# Lab 1: OpenGL Tutorial - Computer Science & Engineering

Λογισμικό & κατασκευή λογ/κού

14 Δεκ 2013 (πριν από 4 χρόνια και 7 μήνες)

108 εμφανίσεις

What’s the plan for today?

Go over our framework code.

Learn some basic OpenGL!

Reveal Lab 1

Framework Environment

C/C++ and OpenGL

Code will be given with
Makefiles

You can compile in Linux, Mac, and Windows!

You
must

use the framework

What should you know?

At the very least

You’ve programmed before

You know the programming cycle

Better for you if

You are familiar with C/C++

Amazing

if

Have a degree in Computer Science

Framework

Where do I get it?!

Resources in Class Website

This lab’s framework provides you with

An initial OpenGL window

Callback functions you will need

What is OpenGL?

A powerful, open source graphics library

Widely used in both industry and academia

Capable of rendering 3D geometries with a
plethora of effects

Keeps a “global” state

Transformation, projection matrices

Attributes from primitives

Exercise: Compiling

Compile the framework

Change window size, position, and title

Exercise: Drawing Things!

Since you guys are now pros, let’s draw things!

Every GL primitive starts with
glBegin
(…), and ends
with
glEnd

()

Example:

glBegin

(GL_POINT);

glVertex3f( 1.0,1.0,1.0);

glEnd
()

Find the
DrawGLScene
() function

After
(), create a GL primitive

And this code…

What just happened?!

OK, that’s weird, why is the screen yellow?

We’ve basically rendered our object too close
for us to really see it. So, we need to move (or
translate) it further back.

Translation and Rotation

Rotation (unsurprisingly) rotates the primitive,

BUT

rotates it around the “world” axis,
NOT

its

local axis

Hint: You can think of the camera as always being at the
world origin(0,0,0)

Translation “moves” the primitive around to a

different location

The order you do translations and rotations in
MATTERS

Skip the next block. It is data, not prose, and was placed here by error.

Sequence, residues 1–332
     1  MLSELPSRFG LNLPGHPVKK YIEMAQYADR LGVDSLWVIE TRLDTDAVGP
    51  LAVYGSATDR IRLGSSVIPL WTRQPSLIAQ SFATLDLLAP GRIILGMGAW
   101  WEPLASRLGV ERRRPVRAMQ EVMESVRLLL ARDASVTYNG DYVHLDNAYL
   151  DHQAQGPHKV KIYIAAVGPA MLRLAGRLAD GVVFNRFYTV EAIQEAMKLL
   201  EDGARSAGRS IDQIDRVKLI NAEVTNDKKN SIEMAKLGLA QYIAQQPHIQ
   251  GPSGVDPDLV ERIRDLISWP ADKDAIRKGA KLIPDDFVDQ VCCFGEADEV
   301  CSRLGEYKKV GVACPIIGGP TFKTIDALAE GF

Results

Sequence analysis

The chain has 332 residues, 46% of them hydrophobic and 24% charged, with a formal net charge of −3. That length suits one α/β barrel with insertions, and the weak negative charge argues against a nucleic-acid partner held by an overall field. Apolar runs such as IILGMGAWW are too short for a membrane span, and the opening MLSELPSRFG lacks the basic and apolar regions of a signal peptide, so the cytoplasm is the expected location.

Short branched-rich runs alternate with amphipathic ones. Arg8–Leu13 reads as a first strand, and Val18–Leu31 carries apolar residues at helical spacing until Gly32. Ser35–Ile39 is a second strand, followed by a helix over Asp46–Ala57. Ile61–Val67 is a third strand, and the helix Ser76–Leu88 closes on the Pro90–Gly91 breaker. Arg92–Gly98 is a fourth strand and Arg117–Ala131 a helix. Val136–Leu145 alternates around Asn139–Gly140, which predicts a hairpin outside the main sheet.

Translation and Rotation

Rotate

Translate

Translation and Rotation

Rotate then Translate

Translate then Rotate

Translation and Rotation

WARNING!!!

OpenGL will perform translations and rotations IN THE
OPPOSITE ORDER
YOU WRITE THEM IN CODE

i.e. writing the following in code:

glTranslate
(...)

glRotate
(…)

Will rotate then translate the primitive

Translation and Rotation

Important things to keep in mind:

Translate/Rotate operates relative to the world
origin

The order of translations and rotations matters

OpenGL will perform translations and rotations in
the OPPOSITE order you list them
in code

Exercise: Finish the cube

drawing function.

Finish the rest of the cube.

Change the color of each side to something else!

glColor3f( red, green, blue );

Callbacks

GLUT allows us to interface between events
(such as clicking, keyboard input, etc.) and
OpenGL.

Lab 1

Implement a camera to move around in OpenGL.

Use the callback functions provided for you.

Use the cube as a way to debug your camera.

Make sure you at least create a vector, camera,
and framework class.

Questions?

Useful sites

OpenGL Reference Pages:

http://www.opengl.org/sdk/docs/man/

(what we use)

http://www.opengl.org/sdk/docs/man4/

(latest ver.)

NeHe

Tutorials (under Legacy Tutorials):

http://nehe.gamedev.net/

Note: As of Aug. 2011, the current tutorials are a little
out
-
of
-
date/deprecated, but in the process of being
updated. They still give a good explanation of the
basics, but don’t expect to be able to run the code.